One of the first things that the majority of our clients ask our recruiters is how effective their job description is. The reason for this is that writing a job description is both crucial and complex and can make the recruiting process easier or it can add hurdles to the staffing endeavor.
 
Many times our recruiting firm makes subtle tweaks, but what about the companies that don’t go through a staffing agency that helps with this process? How do they ensure that their job description is viable and competitive?
 
Here are some ways to formulate that important document and set the tone for a successful recruiting effort:
 
1. Know What You Want – You can’t write a job description if you don’t have an idea as to what type of employee you would like to hire. Before you hack away at the keyboard, sit and determine your needs then convey them within the job description – not the other way around.
 

 
2. Don’t Be Overly Specific – You’re never going to get everything that you want especially if you put all the requirements on paper as this could scare candidates away. Take the fluff out of the job description as that’s the content that usually hinders the resume submission flow.
 
3. Don’t Be Overly Vague – On the other hand “Looking for someone good” is not considered to be a professionally written job description that the better applicants are going to consider as worth of their time and effort.
 
Use specific verbiage that catches the eyes and ears of the audience. While some of our clients simply don’t have the time and require our help, if you don’t have this luxury, make sure that you avoid this trap.
 
4. Define the Position and Compensation – What do you want the employee doing? What is their day going to be like? What are they going to be paid in exchange for their services?
 

 
These are questions that are going to be asked, therefore you might as well include them.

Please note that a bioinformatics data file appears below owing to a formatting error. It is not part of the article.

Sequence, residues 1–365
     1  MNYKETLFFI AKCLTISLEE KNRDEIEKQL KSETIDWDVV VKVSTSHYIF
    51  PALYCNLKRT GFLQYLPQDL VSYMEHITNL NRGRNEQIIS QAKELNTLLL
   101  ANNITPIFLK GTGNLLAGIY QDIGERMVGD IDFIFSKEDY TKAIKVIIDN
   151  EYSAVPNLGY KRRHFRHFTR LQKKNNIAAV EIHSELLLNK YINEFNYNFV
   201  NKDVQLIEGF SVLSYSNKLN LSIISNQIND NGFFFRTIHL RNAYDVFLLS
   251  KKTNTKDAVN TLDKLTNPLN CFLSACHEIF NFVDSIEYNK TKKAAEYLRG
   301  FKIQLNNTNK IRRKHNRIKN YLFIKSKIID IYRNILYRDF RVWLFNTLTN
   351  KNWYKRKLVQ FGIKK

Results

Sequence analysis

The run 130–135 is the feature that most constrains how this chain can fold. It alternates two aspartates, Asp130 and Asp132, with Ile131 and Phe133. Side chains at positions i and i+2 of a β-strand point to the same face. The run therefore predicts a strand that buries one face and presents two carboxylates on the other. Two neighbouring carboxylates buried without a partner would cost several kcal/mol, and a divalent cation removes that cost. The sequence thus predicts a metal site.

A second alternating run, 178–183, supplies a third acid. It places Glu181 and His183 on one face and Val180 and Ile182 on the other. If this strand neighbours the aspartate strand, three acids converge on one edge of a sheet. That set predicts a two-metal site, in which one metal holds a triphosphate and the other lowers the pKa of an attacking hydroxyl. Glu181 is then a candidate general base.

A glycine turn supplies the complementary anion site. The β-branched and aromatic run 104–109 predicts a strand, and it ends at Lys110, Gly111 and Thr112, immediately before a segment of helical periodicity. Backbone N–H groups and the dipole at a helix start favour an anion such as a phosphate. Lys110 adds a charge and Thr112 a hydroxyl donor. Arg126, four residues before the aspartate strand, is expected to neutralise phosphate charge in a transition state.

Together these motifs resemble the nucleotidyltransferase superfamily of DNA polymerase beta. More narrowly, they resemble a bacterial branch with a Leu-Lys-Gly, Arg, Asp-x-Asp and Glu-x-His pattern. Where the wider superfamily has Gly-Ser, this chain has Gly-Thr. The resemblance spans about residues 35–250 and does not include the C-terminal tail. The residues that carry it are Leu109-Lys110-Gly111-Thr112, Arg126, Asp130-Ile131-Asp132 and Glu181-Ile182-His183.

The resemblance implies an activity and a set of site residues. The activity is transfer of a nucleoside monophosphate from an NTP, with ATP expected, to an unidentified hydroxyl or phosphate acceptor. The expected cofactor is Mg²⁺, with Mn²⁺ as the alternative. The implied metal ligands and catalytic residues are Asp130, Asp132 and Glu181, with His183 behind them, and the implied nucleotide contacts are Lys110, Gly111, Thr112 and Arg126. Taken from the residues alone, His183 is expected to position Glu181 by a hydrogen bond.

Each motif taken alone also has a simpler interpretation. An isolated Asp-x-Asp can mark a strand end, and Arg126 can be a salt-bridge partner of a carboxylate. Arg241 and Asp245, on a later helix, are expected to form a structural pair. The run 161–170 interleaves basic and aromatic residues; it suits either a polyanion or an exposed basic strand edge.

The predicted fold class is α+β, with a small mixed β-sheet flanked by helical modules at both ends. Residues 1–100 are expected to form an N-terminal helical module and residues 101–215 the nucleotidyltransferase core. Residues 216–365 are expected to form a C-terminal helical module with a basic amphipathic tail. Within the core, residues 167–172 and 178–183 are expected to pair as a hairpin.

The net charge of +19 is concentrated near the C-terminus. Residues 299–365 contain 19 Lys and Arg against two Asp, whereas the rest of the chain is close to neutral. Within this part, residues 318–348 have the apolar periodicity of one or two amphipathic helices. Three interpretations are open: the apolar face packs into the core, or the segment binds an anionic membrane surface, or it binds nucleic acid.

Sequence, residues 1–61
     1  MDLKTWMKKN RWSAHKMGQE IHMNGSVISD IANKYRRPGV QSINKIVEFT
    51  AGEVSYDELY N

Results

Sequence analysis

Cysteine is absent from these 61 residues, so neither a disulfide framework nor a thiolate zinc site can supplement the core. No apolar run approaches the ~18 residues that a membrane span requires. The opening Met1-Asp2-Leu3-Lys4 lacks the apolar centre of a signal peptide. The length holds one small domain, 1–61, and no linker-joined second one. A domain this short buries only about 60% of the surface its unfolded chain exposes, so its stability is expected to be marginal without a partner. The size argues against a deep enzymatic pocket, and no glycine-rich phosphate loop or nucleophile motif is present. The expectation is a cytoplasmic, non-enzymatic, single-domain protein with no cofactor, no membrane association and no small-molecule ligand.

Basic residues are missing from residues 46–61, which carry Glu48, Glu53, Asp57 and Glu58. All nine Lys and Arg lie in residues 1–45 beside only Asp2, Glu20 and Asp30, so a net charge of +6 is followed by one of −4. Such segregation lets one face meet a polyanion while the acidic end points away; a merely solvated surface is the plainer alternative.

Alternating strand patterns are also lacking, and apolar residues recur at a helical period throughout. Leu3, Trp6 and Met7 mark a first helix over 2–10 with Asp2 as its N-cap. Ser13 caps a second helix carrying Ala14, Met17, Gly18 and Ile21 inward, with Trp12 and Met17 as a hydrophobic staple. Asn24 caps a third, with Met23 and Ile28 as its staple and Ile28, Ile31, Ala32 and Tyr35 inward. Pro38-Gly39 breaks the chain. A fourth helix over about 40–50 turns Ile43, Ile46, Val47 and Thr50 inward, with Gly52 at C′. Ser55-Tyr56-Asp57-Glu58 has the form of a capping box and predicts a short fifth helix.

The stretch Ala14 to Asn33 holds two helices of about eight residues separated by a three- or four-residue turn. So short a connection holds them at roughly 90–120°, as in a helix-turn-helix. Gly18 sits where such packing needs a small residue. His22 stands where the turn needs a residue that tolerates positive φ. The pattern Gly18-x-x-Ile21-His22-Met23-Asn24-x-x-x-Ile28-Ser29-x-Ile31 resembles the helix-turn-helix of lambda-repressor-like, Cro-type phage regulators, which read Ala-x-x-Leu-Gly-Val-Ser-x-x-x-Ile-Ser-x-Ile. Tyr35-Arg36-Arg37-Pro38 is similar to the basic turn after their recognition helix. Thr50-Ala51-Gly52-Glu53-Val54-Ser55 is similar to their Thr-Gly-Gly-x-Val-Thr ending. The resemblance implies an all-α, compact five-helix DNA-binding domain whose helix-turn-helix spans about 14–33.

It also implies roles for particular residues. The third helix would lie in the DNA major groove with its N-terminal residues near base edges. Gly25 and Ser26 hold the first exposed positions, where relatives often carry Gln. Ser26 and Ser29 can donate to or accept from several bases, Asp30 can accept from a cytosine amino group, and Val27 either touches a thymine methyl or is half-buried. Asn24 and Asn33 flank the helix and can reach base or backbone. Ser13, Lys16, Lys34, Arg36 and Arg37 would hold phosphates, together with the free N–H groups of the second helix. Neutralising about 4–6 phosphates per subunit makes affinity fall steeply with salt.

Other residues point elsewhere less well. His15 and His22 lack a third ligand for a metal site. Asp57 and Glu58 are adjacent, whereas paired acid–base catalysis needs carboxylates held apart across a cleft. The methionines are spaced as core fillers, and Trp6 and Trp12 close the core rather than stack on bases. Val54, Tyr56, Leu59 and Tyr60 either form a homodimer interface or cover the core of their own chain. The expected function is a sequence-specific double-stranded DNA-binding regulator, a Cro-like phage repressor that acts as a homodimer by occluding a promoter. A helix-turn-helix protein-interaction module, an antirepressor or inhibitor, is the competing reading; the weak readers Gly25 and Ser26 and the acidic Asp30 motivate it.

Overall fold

Further Considerations

 
Every good job description has a brief intro of the company including what the firm does, who their target market is and anything else that’s both factual and important. Also, use bullet points and make it easy to read.
 
Finally, test the waters to see what works before throwing it everywhere and anywhere. Unfortunately, the reality is that regardless of how good the job description is, posting often proves to be unsuccessful. Rather, use the job description to set goals and the tone of the interview process.
 
Consider it a big bonus if you snag that perfect employee in the interim.

 

About

 
Ken Sundheim is the CEO of KAS Placement an executive search firm specializing in sales and marketing recruitment. Sundheim started the business at age 25 from a studio apartment in New York City.
 

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Formatting a Strong Sales or Marketing Resume


Want to know what a good sales or marketing resume should look like and what content should be included in the document? Here is one way to effectively get your point across and attract the right hiring companies.

 

Format – You can see from the format that it is clean and easy to read. Never make a sales or marketing resume overly cluttered. Get your information across in bullet points that are intelligently written and play to the wants of the employer.

 

(1) Core Qualifications – In this area, keep it broad and utilize the space to describe the different facets of sales that you are good at. Are you able to consistently meet quotas? Can you manage a sales team? Is digital media your thing? These are all acceptable points.